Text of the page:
The second cohort of trainees finished their training in October last year and now the third cohort is due to start very soon. It was interesting to notice how different the second one was from the first. The venue and the larger group created a different atmosphere. Many in the second cohort seemed to come with a greater awareness of Open Dialogue and therefore probably had different expectations for the training.

The challenge was to make space for everyone's voice whilst keeping up with the syllabus. As a trainer I had to put more effort into getting to know everyone but my sense was that individuals were more supportive of each other. We had responded to feedback from the first cohort and had made some changes which I believe helped this process. The inclusion of more peer workers throughout the year was a wonderful development as their contributions were so powerful.  What was also exciting was seeing the Kent, NELFT and Nottingham groups develop a stronger and larger skill base, with Kent creating a new post for an Open
Dialogue lead.

Another major achievement has been the accreditation by AFT (the Association of Family Therapy and Systemic Practice) as a Foundation course. In addition the course is now recognised by LSBU (London South Bank University) as a graduate and post-graduate certificate. 

Onwards and upwards, with the third cohort arriving very soon and this time from different corners of the globe as well as the UK!


An introduction to peer-supported open dialogue in mental healthcare
By Russell Razzaque and Tom Stockmann
BJPsych Advances 
(Subscription required)

Peer-supported open dialogue is a variant of the ‘open dialogue’ approach that is currently practised in Finland and is being trialled in several countries around the world. The core principle of the approach is the provision of care at the social network level, by staff who have been trained in family, systems and related approaches. These staff include peer workers, who will help to enhance the democratic nature of the meetings around which care is centred, as well as enabling such meetings to occur where networks are fragmented or lacking. Certain organisational and practice features and underlying themes are key to the approach. Crucially, open dialogue is also a system of service provision. Staff trained in peer-supported open dialogue from six National Health Service (NHS) trusts will launch pilot teams in 2016, as part of an intended national multicentre randomised controlled trial.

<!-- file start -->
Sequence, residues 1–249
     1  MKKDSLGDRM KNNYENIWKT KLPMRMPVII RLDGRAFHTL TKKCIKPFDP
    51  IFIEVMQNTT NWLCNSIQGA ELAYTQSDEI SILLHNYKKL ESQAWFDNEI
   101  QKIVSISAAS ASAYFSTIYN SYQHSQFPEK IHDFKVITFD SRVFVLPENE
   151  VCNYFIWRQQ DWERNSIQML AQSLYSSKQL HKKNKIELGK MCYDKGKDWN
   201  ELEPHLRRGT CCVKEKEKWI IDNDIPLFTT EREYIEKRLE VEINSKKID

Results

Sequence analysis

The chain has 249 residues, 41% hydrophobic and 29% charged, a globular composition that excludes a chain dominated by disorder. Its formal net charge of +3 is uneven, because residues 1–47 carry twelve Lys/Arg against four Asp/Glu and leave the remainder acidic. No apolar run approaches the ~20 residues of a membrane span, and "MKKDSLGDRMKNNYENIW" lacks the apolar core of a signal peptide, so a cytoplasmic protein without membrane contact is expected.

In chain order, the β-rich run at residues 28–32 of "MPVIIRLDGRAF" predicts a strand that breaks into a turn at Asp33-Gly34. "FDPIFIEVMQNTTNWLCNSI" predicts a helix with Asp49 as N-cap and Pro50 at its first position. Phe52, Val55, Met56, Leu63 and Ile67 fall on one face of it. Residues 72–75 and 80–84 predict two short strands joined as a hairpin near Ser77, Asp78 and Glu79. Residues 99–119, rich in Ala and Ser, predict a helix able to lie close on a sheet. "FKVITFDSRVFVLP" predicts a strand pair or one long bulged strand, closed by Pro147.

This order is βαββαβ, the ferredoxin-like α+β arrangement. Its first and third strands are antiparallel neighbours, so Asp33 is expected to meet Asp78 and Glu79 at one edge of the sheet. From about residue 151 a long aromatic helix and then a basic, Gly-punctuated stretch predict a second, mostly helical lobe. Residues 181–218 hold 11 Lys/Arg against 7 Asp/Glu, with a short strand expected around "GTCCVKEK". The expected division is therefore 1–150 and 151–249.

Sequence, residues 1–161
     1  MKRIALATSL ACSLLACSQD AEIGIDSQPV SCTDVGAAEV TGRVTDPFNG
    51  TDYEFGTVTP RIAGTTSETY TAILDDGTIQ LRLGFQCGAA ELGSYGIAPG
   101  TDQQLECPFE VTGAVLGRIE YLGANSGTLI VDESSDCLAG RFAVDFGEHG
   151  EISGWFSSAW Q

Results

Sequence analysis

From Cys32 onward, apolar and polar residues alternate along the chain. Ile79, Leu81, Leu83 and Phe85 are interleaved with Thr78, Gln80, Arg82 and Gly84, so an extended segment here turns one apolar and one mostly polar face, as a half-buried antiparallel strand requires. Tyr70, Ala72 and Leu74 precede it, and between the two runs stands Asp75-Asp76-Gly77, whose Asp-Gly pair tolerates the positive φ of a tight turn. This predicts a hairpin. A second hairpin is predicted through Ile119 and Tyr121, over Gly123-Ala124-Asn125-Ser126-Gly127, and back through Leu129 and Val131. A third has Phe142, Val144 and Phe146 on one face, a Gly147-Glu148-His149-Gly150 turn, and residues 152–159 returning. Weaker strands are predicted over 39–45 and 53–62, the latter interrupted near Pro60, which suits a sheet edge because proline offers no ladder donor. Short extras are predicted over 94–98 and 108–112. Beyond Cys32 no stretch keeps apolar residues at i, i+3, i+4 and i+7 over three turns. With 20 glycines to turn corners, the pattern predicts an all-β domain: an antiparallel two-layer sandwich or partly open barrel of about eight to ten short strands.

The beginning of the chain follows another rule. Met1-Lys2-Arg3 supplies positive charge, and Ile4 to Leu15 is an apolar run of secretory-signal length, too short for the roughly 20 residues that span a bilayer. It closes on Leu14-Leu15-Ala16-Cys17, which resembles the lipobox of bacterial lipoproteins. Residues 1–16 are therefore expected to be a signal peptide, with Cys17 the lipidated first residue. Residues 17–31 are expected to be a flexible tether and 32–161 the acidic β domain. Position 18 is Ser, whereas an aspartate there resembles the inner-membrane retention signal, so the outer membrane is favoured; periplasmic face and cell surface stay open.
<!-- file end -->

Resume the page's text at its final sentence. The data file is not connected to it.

An Alternative Form of Mental Health Care Gains a Foothold
By Benedict Carey
New York Times

Featuring the Hearing Voices Network and Open Dialogue

Adapting Open Dialogue for Early-Onset Psychosis Into the U.S. Health Care Environment: A Feasibility Study
By Christopher Gordon, Vasudha Gidugu, E. Sally Rogers, John DeRonck and Douglas Ziedonis
Psychiatric Services
(Free access)

Open Dialogue (OD) is a Finnish approach to crisis intervention and ongoing care for young people experiencing psychosis and other psychiatric crises. OD engages the individual and family (or other supports) in meetings, with open discussions of all aspects of the clinical situation, and in decision making. Although psychiatric assessment and treatment occur, the initial emphasis is on engagement, crisis intervention, and promoting dialogue. Finnish studies are encouraging, with excellent clinical and functional outcomes after five years.

The authors conducted a one-year study of the feasibility of implementing an outpatient program based on OD principles, serving 16 young people ages 14–35 experiencing psychosis—the first study of OD in the United States. Qualitative and quantitative findings suggest that this model can be successfully implemented in the United States and can achieve good clinical outcomes, high satisfaction, and shared decision making.